Teaching Licenses

Can I get the Indiana Director of Career and Technical Education License through this program?

Some of the courses required for the Indiana Director of Career and Technical Education License are available online through the Department of Technology, but there are additional requirements.

For more information, please see the Indiana Director of Career and Technical Education Initial Practitioner License Requirements (PDF), or contact the Ball State Office of Teacher Education Services.

Is there some type of alternative teaching license in technology education that I can gain from taking these courses?

Yes, but this is open only to those already in possession of a current Indiana secondary, senior high/junior high/middle school or all-grade teaching license which must be convertible to a Rules 2002 license. Those who do not hold a Indiana teaching license cannot take advantage of this program. The program of study includes 18 graduate hours, including two courses that must be taken on-campus in Muncie, Indiana, typically during a short timeframe in the summer. Please see theĀ Program of Study for the Technology Education Alternative License Program under Rules 2002.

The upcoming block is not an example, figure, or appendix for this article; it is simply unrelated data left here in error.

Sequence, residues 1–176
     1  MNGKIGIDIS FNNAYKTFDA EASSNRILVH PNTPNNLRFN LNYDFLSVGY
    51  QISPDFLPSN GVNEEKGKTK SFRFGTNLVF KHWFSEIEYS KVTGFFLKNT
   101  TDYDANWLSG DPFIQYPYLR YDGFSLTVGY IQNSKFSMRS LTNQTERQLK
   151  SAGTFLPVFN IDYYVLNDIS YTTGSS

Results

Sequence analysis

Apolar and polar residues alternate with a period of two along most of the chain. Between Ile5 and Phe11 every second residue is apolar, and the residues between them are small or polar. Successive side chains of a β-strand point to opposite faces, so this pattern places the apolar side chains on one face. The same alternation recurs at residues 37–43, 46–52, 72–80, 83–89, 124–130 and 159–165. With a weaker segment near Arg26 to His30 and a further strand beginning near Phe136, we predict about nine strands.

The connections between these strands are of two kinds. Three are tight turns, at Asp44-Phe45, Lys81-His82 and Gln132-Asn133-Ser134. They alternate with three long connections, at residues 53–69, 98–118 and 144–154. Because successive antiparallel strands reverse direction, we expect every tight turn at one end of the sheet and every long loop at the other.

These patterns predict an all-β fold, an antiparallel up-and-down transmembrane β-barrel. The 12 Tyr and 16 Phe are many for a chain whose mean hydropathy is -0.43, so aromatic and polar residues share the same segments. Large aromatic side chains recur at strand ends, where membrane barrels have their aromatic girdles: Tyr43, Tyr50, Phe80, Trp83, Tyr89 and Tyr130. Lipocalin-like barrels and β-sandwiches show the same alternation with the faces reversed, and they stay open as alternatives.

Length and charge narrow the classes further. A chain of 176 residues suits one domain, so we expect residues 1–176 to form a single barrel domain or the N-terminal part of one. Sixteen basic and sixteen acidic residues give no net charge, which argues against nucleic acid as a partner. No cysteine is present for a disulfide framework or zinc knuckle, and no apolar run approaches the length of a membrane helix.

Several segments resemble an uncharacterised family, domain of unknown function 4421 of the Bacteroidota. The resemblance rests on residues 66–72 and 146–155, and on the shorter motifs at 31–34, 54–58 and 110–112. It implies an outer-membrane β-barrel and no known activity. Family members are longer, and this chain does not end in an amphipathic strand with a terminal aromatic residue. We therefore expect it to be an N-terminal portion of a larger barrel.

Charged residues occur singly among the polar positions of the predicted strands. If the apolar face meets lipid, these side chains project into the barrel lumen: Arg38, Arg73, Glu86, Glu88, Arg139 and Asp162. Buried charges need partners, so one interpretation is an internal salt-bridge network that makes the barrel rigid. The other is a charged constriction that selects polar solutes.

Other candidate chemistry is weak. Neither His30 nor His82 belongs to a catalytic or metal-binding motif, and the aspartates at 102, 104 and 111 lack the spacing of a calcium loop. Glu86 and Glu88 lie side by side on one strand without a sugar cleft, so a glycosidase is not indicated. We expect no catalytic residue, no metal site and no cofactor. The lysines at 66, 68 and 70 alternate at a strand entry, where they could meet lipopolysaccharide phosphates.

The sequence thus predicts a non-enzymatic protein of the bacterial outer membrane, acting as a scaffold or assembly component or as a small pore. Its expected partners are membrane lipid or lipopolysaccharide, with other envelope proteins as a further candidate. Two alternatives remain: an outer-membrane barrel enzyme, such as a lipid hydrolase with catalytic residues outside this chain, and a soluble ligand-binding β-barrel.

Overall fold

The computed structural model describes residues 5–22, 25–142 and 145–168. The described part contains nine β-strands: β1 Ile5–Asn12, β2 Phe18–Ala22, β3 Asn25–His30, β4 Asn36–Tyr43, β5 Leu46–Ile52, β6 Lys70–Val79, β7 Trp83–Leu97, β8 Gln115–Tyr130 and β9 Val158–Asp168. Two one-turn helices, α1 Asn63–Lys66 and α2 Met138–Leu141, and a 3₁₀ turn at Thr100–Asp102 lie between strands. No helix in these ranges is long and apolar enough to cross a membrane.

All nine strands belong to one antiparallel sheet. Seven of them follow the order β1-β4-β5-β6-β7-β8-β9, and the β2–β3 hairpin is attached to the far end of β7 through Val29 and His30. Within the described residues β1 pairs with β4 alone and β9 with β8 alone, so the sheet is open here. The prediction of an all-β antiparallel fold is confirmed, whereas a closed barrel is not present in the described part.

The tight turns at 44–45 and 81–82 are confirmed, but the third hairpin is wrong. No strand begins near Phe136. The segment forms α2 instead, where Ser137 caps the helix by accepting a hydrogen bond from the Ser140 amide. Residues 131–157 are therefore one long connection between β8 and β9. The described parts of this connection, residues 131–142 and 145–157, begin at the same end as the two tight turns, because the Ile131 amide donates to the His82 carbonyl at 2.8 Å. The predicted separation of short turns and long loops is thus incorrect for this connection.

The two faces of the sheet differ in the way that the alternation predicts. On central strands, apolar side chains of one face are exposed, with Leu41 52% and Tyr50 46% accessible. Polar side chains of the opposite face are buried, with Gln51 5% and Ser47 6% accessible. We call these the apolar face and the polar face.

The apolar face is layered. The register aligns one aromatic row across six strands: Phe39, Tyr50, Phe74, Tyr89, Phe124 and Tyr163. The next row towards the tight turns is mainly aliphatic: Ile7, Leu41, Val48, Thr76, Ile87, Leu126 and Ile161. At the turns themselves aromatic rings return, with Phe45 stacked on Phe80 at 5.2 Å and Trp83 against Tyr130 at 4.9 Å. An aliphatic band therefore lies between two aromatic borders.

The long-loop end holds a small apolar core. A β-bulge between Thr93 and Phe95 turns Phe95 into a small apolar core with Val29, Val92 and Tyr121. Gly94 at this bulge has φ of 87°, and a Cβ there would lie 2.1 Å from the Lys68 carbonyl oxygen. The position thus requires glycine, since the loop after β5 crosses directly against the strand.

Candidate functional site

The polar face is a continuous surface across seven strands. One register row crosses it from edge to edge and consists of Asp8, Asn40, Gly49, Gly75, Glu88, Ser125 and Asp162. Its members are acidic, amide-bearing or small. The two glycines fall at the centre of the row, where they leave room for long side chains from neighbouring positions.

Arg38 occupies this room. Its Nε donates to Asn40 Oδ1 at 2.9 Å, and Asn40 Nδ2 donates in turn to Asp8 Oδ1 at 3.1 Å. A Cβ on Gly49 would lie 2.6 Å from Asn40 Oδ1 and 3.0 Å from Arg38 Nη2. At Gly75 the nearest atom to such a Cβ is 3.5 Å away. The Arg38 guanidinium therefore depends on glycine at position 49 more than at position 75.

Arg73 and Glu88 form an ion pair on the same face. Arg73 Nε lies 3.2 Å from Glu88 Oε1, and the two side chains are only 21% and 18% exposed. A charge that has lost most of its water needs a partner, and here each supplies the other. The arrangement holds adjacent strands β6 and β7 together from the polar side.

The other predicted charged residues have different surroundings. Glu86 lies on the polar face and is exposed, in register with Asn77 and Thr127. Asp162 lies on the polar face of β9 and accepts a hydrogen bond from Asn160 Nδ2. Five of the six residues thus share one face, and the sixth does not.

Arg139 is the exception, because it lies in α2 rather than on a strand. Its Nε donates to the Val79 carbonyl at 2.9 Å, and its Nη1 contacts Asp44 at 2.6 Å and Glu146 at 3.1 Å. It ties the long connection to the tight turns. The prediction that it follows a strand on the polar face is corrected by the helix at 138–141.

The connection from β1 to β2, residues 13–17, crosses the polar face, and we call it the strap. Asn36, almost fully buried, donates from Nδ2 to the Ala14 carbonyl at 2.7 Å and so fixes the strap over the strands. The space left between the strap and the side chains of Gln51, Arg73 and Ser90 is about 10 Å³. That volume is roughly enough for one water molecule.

Will this degree get me licensed to teach in my state?

Only your state Office of Teacher Licensure can determine whether the degree will enable you to obtain a teaching license. Before you contact them, you should know that these master's degrees were not designed to include all of those hands-on laboratory-based classes typically found in undergraduate teacher education programs in technology education and career and technical education. Instead, these graduate programs concentrate on curriculum, instruction, history and philosophy, research, and other areas that can best help an existing teacher become more effective. It is not uncommon for states to require many credit hours of hands-on laboratory courses for teacher licensure in these areas.